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districts of the Himálaya the Lamas wear during the summer large hats of Straw. The shape of the caps varies considerably, but it is curious that they are all of Chinese or Mongolian fashion, whilst the form of the: robes has been adopted from the Hindus. The mode of salutation is also the Chinese as the Tibetans always take. off their hat, whilst the Hindus, as a sign of reverence, approach their masters not bare-headed, but bare-footed. Most of the caps are conical, with a large lap, which is generally doubled up, but is let down over the ears in cold weather (see plate XVI. where the laps are let down). The head Lamas wear a particular sort of cap, generally low and conical, similar to those worn by Padma Sambhava[1] and mythological deified persons of particular influence upon man's welfare, as King Bihar; this form is called Nathongzha. Some head-priests of' Western Tibet have an hexagonal hat formed of pasteboard, and showing four steps diminishing towards the top; or in some cases a kind of mitre of red cloth ornamented with flowers of gold worked in the stuff. This latter kind of cap bears a remarkable resemblance to the mitres of Roman Catholic bishops. Occasionally, if the weather allows it, the Lamas in Eastern Tibet, in Bhután and also in Síkkim, go bare-headed.

The gown reaches to the calves and is fastened round the waist by a slender girdle; it has an upright collar and is closely buttoned. up at the neck. In Síkkim the Lamas occasionally wear, slung round the shoulders, a kind of red and yellow striped woollen stole. In general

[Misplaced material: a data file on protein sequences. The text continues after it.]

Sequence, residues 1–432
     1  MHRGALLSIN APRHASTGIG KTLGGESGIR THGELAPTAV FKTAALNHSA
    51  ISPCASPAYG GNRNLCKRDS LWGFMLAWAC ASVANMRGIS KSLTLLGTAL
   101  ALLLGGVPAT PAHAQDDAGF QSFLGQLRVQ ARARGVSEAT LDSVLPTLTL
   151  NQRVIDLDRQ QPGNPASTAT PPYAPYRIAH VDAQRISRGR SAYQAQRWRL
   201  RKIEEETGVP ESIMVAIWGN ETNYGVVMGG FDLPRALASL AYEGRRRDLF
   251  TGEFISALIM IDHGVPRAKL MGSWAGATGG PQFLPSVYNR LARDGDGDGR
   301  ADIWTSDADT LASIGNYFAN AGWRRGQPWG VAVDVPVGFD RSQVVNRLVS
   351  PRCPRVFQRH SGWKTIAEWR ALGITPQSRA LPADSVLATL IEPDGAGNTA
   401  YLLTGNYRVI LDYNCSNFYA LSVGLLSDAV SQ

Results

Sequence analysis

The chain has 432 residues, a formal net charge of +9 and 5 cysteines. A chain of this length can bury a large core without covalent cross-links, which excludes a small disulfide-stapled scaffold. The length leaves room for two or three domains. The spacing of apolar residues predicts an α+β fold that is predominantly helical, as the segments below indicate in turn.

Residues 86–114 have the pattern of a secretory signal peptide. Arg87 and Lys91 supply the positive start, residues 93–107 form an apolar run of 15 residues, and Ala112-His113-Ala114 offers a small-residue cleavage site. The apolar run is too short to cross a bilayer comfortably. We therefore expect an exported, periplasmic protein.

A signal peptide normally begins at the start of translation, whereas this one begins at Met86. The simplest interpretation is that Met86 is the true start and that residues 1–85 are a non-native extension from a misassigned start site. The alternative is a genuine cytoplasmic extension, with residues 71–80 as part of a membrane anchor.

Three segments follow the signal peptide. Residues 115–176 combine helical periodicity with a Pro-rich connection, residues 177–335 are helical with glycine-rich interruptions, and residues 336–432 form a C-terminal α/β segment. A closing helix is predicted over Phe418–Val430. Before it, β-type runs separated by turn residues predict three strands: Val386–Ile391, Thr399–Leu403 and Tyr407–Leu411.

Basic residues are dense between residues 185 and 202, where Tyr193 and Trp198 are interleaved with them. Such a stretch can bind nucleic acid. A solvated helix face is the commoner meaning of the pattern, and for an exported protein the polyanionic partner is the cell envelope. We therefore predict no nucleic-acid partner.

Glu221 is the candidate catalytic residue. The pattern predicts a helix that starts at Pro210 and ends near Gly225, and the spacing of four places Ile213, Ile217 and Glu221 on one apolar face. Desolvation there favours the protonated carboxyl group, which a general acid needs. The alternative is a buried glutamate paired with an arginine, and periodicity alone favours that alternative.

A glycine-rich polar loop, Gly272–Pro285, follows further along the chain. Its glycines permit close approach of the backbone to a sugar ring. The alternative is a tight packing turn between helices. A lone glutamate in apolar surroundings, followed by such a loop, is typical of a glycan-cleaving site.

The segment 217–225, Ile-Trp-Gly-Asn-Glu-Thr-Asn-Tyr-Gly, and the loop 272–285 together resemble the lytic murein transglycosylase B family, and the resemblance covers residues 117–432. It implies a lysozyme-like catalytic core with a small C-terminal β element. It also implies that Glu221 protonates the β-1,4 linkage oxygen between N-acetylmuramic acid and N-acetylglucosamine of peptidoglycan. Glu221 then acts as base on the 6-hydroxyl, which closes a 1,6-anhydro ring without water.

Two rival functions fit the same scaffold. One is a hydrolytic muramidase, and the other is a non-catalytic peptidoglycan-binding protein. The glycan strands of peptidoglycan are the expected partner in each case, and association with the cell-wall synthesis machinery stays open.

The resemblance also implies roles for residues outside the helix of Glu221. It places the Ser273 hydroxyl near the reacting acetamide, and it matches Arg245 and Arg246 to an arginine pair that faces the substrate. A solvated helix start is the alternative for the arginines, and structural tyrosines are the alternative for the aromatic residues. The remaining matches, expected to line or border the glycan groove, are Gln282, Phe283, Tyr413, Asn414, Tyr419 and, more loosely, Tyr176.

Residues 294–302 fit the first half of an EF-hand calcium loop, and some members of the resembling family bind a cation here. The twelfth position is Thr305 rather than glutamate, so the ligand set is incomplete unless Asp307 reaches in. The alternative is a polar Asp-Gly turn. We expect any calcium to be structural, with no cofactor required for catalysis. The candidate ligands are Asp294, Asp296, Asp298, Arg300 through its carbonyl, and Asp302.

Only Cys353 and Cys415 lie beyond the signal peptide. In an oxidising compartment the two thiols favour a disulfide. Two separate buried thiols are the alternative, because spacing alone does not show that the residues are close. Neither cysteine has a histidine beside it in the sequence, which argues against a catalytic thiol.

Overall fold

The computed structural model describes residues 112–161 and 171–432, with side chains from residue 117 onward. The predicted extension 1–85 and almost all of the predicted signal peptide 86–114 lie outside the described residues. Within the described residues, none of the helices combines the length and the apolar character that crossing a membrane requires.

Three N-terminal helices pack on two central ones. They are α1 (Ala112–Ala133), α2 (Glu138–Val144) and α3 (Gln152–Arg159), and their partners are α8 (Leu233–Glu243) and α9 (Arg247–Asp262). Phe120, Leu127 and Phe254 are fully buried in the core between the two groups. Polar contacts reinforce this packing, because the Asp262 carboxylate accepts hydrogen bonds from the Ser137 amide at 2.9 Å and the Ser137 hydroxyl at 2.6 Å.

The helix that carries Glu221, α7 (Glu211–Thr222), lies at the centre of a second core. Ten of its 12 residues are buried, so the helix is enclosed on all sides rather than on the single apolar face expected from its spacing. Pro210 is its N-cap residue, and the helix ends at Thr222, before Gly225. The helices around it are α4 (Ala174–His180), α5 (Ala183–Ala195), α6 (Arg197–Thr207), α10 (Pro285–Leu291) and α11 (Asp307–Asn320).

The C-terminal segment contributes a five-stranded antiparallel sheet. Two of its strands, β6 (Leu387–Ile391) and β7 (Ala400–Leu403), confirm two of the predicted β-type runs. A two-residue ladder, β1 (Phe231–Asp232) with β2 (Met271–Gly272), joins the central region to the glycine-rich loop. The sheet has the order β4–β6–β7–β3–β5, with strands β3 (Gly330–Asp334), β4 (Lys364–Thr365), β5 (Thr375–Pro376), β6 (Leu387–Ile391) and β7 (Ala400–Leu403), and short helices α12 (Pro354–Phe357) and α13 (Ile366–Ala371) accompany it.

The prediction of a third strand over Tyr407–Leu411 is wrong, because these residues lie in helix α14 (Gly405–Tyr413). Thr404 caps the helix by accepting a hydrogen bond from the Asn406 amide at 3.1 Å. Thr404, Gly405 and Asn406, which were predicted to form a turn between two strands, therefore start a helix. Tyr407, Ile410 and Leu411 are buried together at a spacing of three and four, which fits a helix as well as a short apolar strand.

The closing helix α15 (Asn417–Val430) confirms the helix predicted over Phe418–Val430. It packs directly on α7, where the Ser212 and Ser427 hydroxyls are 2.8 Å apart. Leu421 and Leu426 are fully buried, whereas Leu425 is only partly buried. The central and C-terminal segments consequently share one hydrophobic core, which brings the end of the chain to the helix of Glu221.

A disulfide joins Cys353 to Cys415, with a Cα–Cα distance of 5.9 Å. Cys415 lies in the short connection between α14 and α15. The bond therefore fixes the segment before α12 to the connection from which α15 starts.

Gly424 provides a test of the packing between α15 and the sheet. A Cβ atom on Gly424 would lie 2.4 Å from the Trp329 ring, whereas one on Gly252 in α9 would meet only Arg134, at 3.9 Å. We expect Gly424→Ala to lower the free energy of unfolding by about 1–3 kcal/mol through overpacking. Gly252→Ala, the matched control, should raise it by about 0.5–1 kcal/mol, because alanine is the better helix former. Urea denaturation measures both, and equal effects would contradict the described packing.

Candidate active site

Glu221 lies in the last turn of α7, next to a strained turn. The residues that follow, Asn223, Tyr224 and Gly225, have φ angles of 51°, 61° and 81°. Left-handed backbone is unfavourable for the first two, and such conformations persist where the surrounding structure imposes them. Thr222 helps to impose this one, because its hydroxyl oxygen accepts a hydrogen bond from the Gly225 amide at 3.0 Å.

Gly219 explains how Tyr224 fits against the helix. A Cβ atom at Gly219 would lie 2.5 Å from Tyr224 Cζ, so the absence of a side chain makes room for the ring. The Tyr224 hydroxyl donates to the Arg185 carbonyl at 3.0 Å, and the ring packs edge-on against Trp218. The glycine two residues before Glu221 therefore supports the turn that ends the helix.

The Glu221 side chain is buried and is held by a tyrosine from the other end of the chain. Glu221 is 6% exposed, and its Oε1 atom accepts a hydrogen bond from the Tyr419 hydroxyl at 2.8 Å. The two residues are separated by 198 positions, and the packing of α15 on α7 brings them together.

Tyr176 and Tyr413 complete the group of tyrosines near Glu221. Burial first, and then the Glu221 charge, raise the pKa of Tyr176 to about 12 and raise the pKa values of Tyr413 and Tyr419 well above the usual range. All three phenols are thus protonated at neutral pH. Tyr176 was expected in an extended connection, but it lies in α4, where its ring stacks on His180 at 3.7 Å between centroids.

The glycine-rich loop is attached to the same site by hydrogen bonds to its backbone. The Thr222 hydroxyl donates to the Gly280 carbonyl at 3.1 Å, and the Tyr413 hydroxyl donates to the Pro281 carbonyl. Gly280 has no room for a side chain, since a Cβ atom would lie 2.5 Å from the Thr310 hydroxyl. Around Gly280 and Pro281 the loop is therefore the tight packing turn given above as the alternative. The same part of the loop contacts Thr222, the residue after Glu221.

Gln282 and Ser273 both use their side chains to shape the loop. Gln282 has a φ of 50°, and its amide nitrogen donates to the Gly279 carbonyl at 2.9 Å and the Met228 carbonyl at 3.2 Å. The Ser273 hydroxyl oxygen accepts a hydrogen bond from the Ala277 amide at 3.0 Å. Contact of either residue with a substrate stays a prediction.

[1. See the plates in Hooker, "Himalayan Journals," Vol. I., p. 328.]

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the gown has sleeves, except in the Bhután Duárs, a country where the mean temperature does not go down even in the coldest mouth, in January, below 22 or 18 Fahrenheit.

The inner vest has no sleeves, and reaches to the haunches. It is not at all cut to the form of the body of the individual but hangs down quite straight. In Ladák, most of the Lamas wear it over the gown instead of underneath.


The trousers are fastened to the waist by a sort of lace running in a drawing hem. The two legs are equidistant throughout, also in their inner side, as in Fig. a, and not in b. During the winter the trousers are worn over the larger gown as a better protection against the cold. In Bhután the Lamas, according to Turner,[1] wear, instead of trousers, philibegs hanging down nearly as far as the knee.